A Presidential Campaign Pledge Can Right Wrongs of an Infamous DayRoundup
tags: Capitol Riot, January 6
Nicholas Mosvick is a Senior Fellow in Constitutional Content at the National Constitution Center. Follow him on Twitter @nmosvick. Craig Bruce Smith is a historian and the author of "American Honor: The Creation of the Nation's Ideals during the Revolutionary Era." Follow him on Twitter @craigbrucesmith.
On Jan. 6, 2021, a mob of self-proclaimed “patriots” attacked the U.S. Capitol to challenge the certification of Joe Biden’s presidential election victory in a “second American revolution” they claimed was shielded “under the banner of 1776.” They flocked to “Stop the Steal” of a “sacred,” so-called 'landslide election victory’ from President Donald Trump that was (in his own words)“viciously stripped away from great patriots” due to unproven claims of voter fraud.
What transpired shattered the precedent of the peaceful transition of power created in America that followed every presidential election since 1796, when President George Washington did not seek a third term. It was reinforced after the bitterly divisive election of 1800 — when President John Adams stepped aside for his partisan rival Thomas Jefferson — and reinforced again and again until 2021.
While no coup actually took place and thus the historical transition of power was indeed maintained, one year later, uncomfortable numbers still cast the accused (including the now-convicted) of Jan. 6 as “patriots.” Candlelight anniversary vigils are planned for them, with their supporters even flying American flags emblazoned with words falsely attributed to George Washington.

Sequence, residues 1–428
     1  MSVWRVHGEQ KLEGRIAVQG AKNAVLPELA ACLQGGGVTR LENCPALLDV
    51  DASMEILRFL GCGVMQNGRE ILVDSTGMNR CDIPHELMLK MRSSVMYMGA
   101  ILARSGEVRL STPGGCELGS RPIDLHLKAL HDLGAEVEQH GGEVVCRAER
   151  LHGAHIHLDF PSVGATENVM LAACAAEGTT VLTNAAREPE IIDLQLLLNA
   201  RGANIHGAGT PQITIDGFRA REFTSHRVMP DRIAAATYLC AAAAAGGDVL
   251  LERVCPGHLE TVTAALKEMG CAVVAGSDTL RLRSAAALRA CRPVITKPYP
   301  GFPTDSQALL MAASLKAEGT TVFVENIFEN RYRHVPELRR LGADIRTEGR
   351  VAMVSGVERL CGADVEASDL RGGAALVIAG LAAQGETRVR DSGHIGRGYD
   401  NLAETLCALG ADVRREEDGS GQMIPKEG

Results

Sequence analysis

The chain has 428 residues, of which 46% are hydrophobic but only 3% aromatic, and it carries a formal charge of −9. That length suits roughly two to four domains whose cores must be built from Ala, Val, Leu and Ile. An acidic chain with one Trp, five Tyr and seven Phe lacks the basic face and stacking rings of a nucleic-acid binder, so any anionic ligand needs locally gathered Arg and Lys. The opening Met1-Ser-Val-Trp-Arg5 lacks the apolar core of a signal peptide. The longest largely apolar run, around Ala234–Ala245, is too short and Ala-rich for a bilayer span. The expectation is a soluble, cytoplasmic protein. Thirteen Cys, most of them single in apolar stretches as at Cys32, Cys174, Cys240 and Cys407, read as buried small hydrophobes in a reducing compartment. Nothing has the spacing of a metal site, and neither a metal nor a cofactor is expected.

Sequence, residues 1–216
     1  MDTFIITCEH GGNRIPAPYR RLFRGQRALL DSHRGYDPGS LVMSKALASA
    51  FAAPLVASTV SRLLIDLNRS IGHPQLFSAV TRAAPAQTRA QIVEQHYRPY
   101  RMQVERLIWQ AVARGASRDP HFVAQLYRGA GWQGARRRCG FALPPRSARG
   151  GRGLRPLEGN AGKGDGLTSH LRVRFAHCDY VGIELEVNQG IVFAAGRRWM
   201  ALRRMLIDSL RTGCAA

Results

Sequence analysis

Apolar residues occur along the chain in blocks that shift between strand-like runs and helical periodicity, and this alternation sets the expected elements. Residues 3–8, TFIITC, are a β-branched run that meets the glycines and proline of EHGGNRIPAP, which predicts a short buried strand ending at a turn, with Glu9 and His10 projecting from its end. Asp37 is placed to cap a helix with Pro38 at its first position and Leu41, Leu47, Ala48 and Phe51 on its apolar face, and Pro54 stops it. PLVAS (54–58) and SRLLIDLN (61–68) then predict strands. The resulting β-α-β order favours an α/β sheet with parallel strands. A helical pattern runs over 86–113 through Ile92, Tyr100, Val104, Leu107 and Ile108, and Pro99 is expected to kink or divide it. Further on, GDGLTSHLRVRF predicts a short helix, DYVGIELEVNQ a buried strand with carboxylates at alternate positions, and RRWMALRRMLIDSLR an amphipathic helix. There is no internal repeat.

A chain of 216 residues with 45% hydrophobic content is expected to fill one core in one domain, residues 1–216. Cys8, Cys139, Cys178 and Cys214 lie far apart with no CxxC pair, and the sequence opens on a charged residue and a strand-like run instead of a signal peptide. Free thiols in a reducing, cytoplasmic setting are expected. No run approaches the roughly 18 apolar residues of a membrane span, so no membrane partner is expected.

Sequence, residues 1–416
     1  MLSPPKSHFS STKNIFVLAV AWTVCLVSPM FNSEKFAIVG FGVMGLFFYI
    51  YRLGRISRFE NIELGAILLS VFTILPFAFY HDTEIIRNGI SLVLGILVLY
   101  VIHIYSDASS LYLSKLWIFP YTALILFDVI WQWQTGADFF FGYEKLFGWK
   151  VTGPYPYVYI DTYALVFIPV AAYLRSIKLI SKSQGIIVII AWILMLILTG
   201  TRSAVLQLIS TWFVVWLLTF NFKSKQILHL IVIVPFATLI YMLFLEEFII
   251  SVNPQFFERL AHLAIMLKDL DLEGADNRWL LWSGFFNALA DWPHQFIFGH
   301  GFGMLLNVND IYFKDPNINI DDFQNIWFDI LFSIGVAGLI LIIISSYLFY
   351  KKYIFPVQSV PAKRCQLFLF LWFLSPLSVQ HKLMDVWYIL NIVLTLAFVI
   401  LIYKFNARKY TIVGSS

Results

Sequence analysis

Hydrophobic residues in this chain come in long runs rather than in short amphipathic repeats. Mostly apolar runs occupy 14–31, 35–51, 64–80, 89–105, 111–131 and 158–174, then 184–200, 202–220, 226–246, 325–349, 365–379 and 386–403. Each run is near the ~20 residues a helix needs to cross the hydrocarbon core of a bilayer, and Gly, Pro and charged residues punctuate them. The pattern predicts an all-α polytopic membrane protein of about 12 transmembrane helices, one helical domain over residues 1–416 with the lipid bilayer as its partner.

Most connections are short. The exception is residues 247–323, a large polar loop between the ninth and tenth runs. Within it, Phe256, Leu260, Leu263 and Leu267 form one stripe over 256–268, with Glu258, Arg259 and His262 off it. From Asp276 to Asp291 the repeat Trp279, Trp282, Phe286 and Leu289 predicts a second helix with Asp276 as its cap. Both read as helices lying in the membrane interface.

But there’s nothing patriotic or Washingtonian about Jan. 6. That is why starting with the 2024 presidential election, the nation needs a nonpartisan pledge from every candidate to support a peaceful transition of power and accept election results.
Though the events of Jan. 6 were the most dangerous challenge to American democracy since the Civil War, they were the ugly result of a long-stemming corrosive trend. Members of both political parties have recently challenged elections. In doing so, Democrats and Republicans alike have shaken public confidence in American democracy since the 2000 presidential election.
While George W. Bush and Al Gore behaved admirably and accepted the Supreme Court’s decision, the imagery of “hanging chads” in Florida cast doubts over the election. Though he conceded, to this day, Gore hints at conspiracy.
Four years later, while then-presidential candidate John Kerry promptly conceded, many Democrats believed that massive election fraud had occurred. Michigan Congressman John Conyers raised the prospect of Jim Crow-style voter suppression. Others even urged Congress not to certify the election.
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